The Army of Islam — one of the most prominent Syrian rebel factions — published a documentary film explaining the facts and events of the battle of “Allah Ghalib” (God is Victor), in which the group was able to enter the reserve military leadership and security branch in the suburb of Harasta, overlooking the Damascus-Homs international highway last September.
According to the film, the biggest achievements of the battle were: “Stopping the terrible military campaign waged by regime forces supported by the Hezbollah militia on the town of Zabadani, and obtaining top secret documents criticizing the regime’s security forces, which will be published successively by the Army of Islam, including documents of the intelligence agencies and military security, and withdrawal of the full archives of the military leadership.”
The Army of Islam noted in its film that in the battle it was able to derail a major military plan — purportedly the largest of its kind — in which the regime was preparing to enter Eastern Ghouta from multiple directions. It indicated the regime forces were on the brink of collapse in Harasta and its communications would have been cut with Damascus if not for the Russian air intervention.
The film states that during the battle the Army of Islam took control of a number of heavy vehicles, equipment, and anti-armor weapons, such as the “Konkurs, Milan and Red Arrow.” It noted that the Army’s fighters repelled 223 attempts by the regime to break into the mountain ranges, killing over 700 fighters from various militias and taking 70 regime fighters prisoner.
In addition to the strategic importance of the battle, which lasted nearly two months, the end of the video carried aerial photos of several places in the Syrian capital Damascus, taken by a drone of the Army of Islam’s “Monitoring and Tracking Unit”.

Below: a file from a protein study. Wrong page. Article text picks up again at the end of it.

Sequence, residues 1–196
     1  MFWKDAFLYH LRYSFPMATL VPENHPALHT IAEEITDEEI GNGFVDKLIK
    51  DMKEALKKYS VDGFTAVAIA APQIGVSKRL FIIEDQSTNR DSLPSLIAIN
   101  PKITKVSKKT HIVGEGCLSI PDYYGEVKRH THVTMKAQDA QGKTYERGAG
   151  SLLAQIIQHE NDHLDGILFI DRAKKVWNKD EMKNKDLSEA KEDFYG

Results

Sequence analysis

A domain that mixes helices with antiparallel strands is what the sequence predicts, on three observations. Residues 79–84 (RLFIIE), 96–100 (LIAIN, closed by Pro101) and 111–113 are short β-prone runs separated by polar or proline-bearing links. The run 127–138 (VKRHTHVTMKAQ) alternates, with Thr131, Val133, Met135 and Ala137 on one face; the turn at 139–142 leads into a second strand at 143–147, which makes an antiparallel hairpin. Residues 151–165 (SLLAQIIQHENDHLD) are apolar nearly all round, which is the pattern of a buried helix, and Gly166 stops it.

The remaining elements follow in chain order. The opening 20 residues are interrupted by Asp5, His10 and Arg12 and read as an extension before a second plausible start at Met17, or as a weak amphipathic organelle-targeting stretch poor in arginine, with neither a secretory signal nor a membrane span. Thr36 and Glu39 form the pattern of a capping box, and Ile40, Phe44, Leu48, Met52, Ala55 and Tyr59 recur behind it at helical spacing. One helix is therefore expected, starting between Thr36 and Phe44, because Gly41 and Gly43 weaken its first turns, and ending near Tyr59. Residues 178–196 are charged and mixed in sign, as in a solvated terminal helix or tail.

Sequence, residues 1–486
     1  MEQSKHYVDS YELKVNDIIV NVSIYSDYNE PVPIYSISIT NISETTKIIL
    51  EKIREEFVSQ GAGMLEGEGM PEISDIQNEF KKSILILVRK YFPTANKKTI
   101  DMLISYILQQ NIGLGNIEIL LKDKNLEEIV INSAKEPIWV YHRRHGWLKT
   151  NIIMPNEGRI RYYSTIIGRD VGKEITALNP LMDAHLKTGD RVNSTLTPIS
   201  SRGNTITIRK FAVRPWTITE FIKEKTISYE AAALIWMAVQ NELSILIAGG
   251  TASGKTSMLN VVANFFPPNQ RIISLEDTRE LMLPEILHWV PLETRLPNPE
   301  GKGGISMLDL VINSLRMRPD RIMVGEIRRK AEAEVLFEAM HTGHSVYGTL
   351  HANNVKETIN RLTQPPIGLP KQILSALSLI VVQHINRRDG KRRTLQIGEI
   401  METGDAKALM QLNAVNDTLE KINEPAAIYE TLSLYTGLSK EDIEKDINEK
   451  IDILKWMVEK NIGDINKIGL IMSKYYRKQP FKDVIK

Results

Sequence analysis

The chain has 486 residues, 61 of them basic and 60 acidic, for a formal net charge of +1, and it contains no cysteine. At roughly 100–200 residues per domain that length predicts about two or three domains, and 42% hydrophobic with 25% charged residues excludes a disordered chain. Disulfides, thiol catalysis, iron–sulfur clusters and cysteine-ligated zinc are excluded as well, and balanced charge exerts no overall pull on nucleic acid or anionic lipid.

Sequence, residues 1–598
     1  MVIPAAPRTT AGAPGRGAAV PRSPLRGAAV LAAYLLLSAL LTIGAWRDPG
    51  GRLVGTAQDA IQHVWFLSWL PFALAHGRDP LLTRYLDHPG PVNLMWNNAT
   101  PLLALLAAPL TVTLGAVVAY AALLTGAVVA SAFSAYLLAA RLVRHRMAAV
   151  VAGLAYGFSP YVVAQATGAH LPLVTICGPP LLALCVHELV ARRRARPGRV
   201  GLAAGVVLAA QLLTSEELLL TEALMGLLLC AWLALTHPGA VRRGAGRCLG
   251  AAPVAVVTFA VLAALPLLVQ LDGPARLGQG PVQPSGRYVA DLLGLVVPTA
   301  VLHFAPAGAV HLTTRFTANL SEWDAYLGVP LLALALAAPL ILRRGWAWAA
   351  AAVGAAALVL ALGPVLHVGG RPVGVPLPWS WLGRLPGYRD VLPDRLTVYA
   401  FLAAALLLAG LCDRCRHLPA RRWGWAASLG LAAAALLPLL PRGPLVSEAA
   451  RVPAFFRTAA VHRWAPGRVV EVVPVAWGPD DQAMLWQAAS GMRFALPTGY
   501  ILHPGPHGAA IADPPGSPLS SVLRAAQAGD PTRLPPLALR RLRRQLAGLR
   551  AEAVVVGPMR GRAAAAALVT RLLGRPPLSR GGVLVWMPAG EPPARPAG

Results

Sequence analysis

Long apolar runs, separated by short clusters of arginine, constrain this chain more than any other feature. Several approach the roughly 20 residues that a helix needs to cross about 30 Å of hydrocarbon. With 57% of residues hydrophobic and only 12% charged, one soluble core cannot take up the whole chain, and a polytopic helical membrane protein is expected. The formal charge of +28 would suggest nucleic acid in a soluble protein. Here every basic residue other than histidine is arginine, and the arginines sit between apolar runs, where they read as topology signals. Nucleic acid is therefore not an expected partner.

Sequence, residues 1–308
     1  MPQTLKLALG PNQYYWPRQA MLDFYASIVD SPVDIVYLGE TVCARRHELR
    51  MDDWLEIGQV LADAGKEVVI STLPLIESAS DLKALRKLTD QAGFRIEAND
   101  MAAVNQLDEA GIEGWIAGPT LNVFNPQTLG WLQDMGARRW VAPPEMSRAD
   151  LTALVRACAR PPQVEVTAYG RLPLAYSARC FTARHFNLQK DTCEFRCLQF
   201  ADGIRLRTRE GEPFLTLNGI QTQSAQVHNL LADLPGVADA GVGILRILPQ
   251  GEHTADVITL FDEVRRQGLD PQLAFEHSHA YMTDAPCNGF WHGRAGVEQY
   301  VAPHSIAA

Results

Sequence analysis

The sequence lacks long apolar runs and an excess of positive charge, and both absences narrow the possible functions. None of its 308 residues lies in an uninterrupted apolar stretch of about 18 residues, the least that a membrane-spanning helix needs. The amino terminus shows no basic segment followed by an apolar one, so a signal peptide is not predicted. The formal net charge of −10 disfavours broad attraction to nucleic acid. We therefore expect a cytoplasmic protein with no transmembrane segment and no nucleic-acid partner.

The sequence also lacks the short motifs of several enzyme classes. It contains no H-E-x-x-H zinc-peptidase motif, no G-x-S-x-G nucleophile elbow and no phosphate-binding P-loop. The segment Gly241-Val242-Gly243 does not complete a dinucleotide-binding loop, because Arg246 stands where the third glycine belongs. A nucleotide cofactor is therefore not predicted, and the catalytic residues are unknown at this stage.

The images depicted the Umayyad Mosque, Souq al-Hamidiya, Abbasid Square, al-Adawi Highway — controlled in its entirety by regime forces — and other sites inside Eastern Ghouta, like the Grand Mosque in Douma, Souq al-Baladiya and the Jobar district, indicating the amount of damage resulting from continuous regime bombardment for over three years.
Abu Hadi, head of the reconnaissance aircraft division in the Army of Islam, said in comments to Al-Souria Net that “with the development of military activity, we had to pursue more effective methods and systems that were not expected by the forces of Assad’s regime. We succeeded in bringing unmanned aircraft into our war with Assad, which enabled us to monitor the regime’s positions from the air.”
He added: “We used the aircraft in the battles of al-Qaboun, Jobar and others. The preparation process doesn’t require great effort, and all battles are prepared for with reconnaissance aircraft,” saying that the positions of Assad’s forces are now monitored by Army of Islam reconnaissance.
Abu Hadi said that the work of these aircraft is not limited to reconnaissance, but supply Army of Islam artillery with the coordinates of centers and targets of Assad’s forces through monitoring and photography.
This type of aircraft was used for the first time in the Vietnam War. The Lebanese militia Hezbollah also has a similar aircraft (the Ayoub), which is of Iranian manufacture, assembled on Lebanese territory. They were also used by the Islamic State group, which probably obtained them from the barracks of the Iraqi army, in photographing and monitoring the Brigade 93 and the Tabqa military airbase in Raqqa.
This article was translated and edited by The Syrian Observer. Responsibility for the information and views set out in this article lies entirely with the author.